Practical Strategies

Although we want to help, it can sometimes be hard to know what to say in order to be supportive, so here are some things to keep in mind.

  • Approach and respond from a place of care and compassion.
  • If the person came to you because he/she has a level of trust with you – this is a positive start.  You might want to let him/her know you are aware it is not easy to open up and that you are glad he/she did.
  • Listen – Allow him/her to express thoughts and feelings.  Allow for moments of silence.
  • Avoid judging.  Provide unconditional support.  There is no need to pressure yourself to solve or fix the problem. You are not the clinician. Normalize the person’s experience and offer hope.
  • Ask questions for clarification.
  • Ask questions about personal safety (“Are you thinking of hurting yourself?” and “Are you thinking of suicide?”). Asking these questions will NOT plant the idea in his/her head. If the answer to these questions is “yes”, call a mental health professional or go with your friend to the nearest Emergency Department. In Vancouver, the Crisis Line can be reached by dialling 1 800 SUICIDE (784 2433).
  • If the person acknowledges having thoughts of suicide, self-harm, or harm to others, it is imperative that you speak immediately to one or more of the following: counsellor, coach, administrator, athletic trainer, other person in a position of responsibility. Do NOT promise a friend that you will keep their suicidal thoughts or behaviour private! You can say something like, “We need extra help. I want to connect you with someone who can help you.”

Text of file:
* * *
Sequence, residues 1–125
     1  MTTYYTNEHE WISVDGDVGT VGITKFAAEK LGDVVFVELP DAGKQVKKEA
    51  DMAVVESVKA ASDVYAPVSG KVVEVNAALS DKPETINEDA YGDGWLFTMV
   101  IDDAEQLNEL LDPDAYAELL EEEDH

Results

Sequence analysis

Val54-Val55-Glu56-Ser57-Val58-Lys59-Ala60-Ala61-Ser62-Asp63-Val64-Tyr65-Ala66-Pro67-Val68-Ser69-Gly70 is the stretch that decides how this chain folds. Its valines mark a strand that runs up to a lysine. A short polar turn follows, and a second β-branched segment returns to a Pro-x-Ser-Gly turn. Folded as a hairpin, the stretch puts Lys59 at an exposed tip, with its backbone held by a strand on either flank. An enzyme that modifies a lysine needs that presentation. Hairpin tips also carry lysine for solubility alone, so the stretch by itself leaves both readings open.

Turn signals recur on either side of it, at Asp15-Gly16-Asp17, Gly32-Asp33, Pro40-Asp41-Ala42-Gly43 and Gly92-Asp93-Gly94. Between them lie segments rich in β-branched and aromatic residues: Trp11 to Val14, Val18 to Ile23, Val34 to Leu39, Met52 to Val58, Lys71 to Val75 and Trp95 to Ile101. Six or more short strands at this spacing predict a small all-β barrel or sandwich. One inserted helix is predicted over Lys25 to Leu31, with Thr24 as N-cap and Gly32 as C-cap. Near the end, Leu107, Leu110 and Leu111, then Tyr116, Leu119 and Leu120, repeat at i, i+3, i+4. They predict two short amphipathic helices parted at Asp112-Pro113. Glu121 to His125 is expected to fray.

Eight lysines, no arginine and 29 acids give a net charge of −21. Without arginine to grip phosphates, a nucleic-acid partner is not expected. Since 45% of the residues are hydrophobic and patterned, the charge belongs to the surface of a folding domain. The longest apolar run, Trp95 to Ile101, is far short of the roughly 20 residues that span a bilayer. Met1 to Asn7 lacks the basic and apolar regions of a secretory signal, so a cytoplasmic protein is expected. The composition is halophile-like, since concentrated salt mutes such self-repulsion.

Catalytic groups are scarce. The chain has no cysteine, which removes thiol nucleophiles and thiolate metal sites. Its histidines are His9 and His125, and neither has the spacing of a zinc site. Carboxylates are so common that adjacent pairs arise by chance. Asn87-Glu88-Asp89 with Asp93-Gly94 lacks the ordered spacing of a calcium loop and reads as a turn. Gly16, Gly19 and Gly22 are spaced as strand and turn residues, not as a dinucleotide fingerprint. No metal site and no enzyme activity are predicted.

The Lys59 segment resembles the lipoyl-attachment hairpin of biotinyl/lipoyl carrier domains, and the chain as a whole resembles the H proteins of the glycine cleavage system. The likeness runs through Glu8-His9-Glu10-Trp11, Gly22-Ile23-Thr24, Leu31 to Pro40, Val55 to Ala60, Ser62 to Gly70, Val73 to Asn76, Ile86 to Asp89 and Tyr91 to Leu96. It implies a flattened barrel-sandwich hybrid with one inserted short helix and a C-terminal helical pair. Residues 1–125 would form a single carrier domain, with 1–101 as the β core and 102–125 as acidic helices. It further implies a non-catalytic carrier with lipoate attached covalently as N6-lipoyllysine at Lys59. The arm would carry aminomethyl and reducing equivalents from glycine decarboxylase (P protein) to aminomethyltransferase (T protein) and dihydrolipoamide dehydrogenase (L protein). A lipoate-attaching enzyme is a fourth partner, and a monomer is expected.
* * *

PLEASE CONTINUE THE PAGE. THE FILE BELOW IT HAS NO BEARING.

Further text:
On the rare occasion where there is an immediate threat to safety, call 911.
  • If you are approaching a person due to concerns you have for him/her, be prepared to share concrete, specific examples of behaviours and actions that led to you becoming concerned.  State them factually, without judgment and commentary. For example, “I am worried about you. You don’t seem like yourself lately.” “You haven’t been eating, you’ve been sleeping a lot, and you don’t seem as focused at practice. Have you thought about going to talk with someone about what’s on your mind?”
  • Let him/her know there are resources available that can help and that you believe he/she can benefit from them.
  • You may choose to offer to go with them to the counsellor/therapist for the first time.  Some people will be open to that and take you up on your offer.  Do not offer this if you can’t follow through, or don’t really want to do this.
  • Recognize that the person may not be ready for help right away and may refuse your suggestion.  Don’t take it personally.  You might want to follow up in a few days, specifically asking about the concern, and whether he/she has considered the idea of talking to a counsellor/therapist.  If the willingness and interest is there now, try to provide some specific names/numbers of professionals they can talk to.